My mother was not a good sponge maker; she also struggled with the concept of the pavlova. A superb cook, she was a product of the Great Depression, followed by World War II.
We came from the northeast of England, where the impact of post-war rationing continued for a long time after 1945. I still have my ration book; it is now quite surreal to think that those little coupons were the stuff of everyday life. Eggs were strictly rationed, so the idea of squandering four or five eggs on one cake or dessert was unimaginable.
Thus I came to the sponge as a complete novice and had to find out the pitfalls the hard way. The adage "practice makes perfect" applied, but the practising was painful.
There are many recipes for sponges but all rely on method: retaining the air in the mixture is paramount. Once you have perfected the technique, any sponge is at your command. Today's recipe is fairly standard. The egg whites are beaten until stiff then the yolks are added to make a creamy, airy mixture. The dry ingredients are then easy to incorporate and the loft of the sponge is retained.
If you don't want to cream the cooked sponges straight away, store them in separate plastic bags - I use supermarket bags, tied loosely - in a cool place. Don't refrigerate. The cake will stay soft for hours.
2 Tbsp flour
2 tsp ginger
2 tsp cinnamon
2 tsp cocoa powder
2 tsp baking powder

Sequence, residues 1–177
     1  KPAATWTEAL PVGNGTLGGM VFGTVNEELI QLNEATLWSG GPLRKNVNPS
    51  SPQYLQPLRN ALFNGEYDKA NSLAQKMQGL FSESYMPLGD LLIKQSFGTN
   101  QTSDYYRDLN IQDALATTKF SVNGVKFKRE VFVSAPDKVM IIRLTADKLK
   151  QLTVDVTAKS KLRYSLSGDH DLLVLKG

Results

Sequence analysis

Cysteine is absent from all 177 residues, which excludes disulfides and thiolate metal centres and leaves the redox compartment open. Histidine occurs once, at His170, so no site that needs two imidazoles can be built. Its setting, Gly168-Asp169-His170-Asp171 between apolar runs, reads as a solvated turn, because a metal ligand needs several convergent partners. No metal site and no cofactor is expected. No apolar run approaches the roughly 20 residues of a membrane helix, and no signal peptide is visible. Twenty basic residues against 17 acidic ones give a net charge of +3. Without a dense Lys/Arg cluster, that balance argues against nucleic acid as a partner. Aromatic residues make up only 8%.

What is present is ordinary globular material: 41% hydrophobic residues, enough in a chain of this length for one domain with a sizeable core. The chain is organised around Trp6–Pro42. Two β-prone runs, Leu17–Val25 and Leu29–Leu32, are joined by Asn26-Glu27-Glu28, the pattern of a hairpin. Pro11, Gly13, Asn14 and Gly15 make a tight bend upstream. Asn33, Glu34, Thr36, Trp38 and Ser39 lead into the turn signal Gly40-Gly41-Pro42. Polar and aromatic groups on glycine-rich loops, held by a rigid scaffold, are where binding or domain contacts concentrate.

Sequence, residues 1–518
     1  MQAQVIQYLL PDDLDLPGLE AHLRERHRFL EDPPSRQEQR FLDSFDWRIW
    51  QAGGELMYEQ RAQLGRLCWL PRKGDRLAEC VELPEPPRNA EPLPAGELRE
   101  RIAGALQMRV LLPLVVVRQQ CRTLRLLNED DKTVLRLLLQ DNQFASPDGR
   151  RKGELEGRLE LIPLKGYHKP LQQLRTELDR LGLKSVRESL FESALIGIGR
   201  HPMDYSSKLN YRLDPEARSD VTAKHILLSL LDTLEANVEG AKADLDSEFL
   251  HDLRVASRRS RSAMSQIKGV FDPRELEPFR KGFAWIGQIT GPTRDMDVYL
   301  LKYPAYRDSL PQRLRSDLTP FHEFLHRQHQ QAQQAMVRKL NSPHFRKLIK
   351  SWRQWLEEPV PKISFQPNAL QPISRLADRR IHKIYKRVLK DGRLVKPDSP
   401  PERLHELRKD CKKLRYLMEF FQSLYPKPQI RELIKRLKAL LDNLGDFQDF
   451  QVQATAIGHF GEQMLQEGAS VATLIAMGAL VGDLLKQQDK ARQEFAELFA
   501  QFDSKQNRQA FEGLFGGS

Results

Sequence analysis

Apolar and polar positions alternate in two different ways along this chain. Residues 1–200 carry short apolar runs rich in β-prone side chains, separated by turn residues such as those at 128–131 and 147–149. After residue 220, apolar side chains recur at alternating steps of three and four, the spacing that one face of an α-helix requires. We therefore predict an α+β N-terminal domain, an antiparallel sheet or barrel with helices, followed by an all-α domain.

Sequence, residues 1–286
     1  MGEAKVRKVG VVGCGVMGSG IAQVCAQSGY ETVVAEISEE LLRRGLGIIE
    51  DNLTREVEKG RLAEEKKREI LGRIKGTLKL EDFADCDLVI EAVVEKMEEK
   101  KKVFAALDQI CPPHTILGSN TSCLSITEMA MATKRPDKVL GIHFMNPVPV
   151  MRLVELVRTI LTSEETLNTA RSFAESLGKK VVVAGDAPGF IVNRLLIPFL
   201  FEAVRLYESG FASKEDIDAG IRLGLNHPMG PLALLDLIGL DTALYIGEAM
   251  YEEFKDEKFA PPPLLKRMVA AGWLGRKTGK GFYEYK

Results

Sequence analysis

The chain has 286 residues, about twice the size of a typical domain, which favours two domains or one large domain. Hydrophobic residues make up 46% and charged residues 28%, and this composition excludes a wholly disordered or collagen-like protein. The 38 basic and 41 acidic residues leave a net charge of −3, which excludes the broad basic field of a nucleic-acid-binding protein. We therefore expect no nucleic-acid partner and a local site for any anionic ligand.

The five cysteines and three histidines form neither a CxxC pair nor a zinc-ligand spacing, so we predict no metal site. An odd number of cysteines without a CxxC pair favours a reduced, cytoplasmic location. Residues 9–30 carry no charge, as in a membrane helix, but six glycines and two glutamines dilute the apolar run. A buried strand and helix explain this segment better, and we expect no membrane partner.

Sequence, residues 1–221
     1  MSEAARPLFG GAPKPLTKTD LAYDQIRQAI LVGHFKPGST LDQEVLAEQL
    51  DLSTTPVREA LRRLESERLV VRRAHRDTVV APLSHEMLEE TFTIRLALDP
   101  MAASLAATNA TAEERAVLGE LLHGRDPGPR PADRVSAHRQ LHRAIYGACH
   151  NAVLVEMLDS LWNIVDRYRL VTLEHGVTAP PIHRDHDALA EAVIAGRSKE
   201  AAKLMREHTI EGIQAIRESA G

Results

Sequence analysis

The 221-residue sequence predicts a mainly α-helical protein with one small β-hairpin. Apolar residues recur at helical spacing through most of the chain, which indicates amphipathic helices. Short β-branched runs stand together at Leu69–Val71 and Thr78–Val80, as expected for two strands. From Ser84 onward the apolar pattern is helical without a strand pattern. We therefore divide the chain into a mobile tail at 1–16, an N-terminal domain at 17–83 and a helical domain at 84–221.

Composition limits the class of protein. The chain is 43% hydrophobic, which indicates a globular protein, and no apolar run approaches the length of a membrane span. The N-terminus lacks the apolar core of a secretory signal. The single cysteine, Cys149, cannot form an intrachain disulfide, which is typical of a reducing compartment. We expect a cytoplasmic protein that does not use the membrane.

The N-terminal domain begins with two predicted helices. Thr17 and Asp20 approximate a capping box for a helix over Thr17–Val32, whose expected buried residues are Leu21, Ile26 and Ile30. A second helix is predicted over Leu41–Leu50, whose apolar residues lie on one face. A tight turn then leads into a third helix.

4 large eggs, separated
cup caster sugar
2 tsp golden syrup
Method: Heat oven to 180 degrees Celsius.
Line then spray two 20cm tins.
Sift together the cornflour, flour, spices, cocoa and baking powder.
Beat the egg whites, adding the sugar gradually.
Once the mixture is stiff and holds its shape, add the egg yolks.
Beat until yolks are thoroughly incorporated.
Sift the prepared dry ingredients on to the mixture.
Using a spatula, fold through gently until the colour is even and the ingredients are combined.
Warm the golden syrup (5-7 seconds in the microwave) and fold through the mixture.
Divide mixture between tins and bake, centre oven, for 15-17 minutes.
The sponge will shrink from the sides of the tin when cooked.
Turn on to a cake cooler and join with whipped cream once cold.
Dust top with icing sugar.
Allow at least an hour before serving.
Cook's notes: To beat egg whites successfully, you must use a scrupulously clean bowl and beaters.
Spreading lemon curd on the bottom sponge before creaming is a delicious addition.
- © Fairfax NZ News